“I know the people who get it done in communities. I started as a city councilperson. I was a local leader,” he said. “… And I’m here because I respect y’all. I know the difference that you make in communities. And I know how urgent that is right now.”

Booker said he’s the only member of the U.S. Senate and presidential candidate who “still lives in an inner-city Black and Brown community that is struggling.

“And I stay rooted in that community because of leaders who gave me my first start,” he said.

He later added that “everything I learned about politics, I learned in the central ward in Newark, N.J.”

Booker also stressed his ability to win bipartisan victories, like on criminal justice reform in Congress.

“When I got to Washington, I knew that my community didn’t want me down there yelling and screaming about problems. They wanted me down there reaching out, building coalitions to solve those problems,” he said.

Booker said he joined with U.S. Sen. Tim Scott (R-S.C.) — joking they were part of the “coalition of big, tall Black guys in the Senate” — on opportunity zones.

The senator talked about a host of issues, including increasing affordable housing, ending gun violence, rolling back Trump’s tax credits and “massively” increasing the Earned Income Tax Credit (EITC) for low-income people.

U.S. Capitol | Creative Commons

He said he’s for Medicare for All, but added, “We need to have a more practical conversation about how we get there.” Booker also said that prescription drug prices must come down, adding that he’ll take away pharmaceutical companies’ patents as president to pave the way for cheaper, generic drugs.

Booker ended by saying “we’re in this together.

“[There’s] so much noise on the national stage, so much hate and divisiveness,” he said. “You all are the kind of leaders — you see people every day; you look them in the eye, feel their heart, shake their hand. And you love them; you care about them. You know that patriotism is love of country, but you cannot love your country unless you love your fellow countrymen and women.”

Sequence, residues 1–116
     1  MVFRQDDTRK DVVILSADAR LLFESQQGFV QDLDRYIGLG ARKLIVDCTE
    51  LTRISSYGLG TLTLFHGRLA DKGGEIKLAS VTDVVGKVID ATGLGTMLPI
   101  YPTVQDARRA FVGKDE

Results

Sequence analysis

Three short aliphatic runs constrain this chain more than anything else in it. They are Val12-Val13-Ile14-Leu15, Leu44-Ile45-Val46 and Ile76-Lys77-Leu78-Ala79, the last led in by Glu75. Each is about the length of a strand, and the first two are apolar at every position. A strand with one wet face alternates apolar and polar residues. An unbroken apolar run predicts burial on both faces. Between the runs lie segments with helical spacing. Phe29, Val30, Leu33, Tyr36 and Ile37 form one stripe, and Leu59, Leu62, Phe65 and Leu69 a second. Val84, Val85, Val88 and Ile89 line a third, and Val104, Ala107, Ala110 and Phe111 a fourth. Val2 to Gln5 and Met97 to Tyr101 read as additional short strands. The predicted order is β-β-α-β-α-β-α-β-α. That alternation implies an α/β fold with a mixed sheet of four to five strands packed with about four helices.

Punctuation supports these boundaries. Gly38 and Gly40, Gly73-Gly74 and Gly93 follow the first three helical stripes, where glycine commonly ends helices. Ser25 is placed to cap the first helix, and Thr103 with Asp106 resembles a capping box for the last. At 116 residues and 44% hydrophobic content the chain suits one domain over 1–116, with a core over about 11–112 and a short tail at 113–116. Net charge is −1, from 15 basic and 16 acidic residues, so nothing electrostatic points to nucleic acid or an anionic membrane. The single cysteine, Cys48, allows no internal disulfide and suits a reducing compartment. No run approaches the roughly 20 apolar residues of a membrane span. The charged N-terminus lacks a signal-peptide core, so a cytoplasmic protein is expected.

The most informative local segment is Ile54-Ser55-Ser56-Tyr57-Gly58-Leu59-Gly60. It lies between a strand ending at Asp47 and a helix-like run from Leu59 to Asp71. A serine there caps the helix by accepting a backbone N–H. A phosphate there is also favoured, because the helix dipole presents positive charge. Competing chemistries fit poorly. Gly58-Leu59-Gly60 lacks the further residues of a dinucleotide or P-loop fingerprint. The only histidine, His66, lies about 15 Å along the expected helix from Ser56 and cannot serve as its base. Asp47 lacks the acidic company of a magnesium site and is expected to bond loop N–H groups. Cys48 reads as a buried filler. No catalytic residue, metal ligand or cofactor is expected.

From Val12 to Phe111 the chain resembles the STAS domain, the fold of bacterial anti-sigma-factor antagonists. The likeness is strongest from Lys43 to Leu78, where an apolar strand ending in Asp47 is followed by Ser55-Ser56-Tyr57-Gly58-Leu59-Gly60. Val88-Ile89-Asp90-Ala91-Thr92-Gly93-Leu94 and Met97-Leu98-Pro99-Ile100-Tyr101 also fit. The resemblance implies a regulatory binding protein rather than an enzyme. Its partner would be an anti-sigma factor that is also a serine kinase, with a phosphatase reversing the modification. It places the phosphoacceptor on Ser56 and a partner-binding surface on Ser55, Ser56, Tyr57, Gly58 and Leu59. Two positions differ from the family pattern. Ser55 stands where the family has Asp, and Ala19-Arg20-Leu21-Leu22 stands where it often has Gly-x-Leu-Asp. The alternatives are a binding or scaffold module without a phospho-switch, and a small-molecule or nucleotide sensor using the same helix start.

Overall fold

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Susan J. Demas is an 18-year journalism veteran and one of the state’s foremost experts on Michigan politics, appearing on MSNBC, CNN, NPR and WKAR-TV’s “Off the Record.” In addition to serving as Editor-in-Chief, she is the Advance’s chief columnist, writing on women, LGBTQs, the state budget, the economy and more. Most recently, she served as Vice President of Farough & Associates, Michigan’s premier political communications firm. For almost five years, Susan was the Editor and Publisher of Inside Michigan Politics, the most-cited political newsletter in the state. Susan’s award-winning political analysis has run in more than 80 national, international and regional media outlets, including the Guardian U.K., NBC News, the New York Times, the Detroit News and MLive. She is the only Michigan journalist to be named to the Washington Post’s list of “Best Political Reporters,” the Huffington Post’s list of “Best Political Tweeters” and the Washington Post’s list of “Best Political Bloggers.” Susan was the recipient of a prestigious Knight Foundation fellowship in nonprofits and politics. She served as Deputy Editor for MIRS News and helped launch the Michigan Truth Squad, the Center for Michigan’s fact-checking project. She started her journalism career reporting on the Iowa caucuses for The (Cedar Rapids) Gazette. Susan has hiked over 3,000 solo miles across four continents and climbed more than 60 mountains. She also enjoys dragging her husband and two teenagers along, even if no one else wants to sleep in a tent anymore.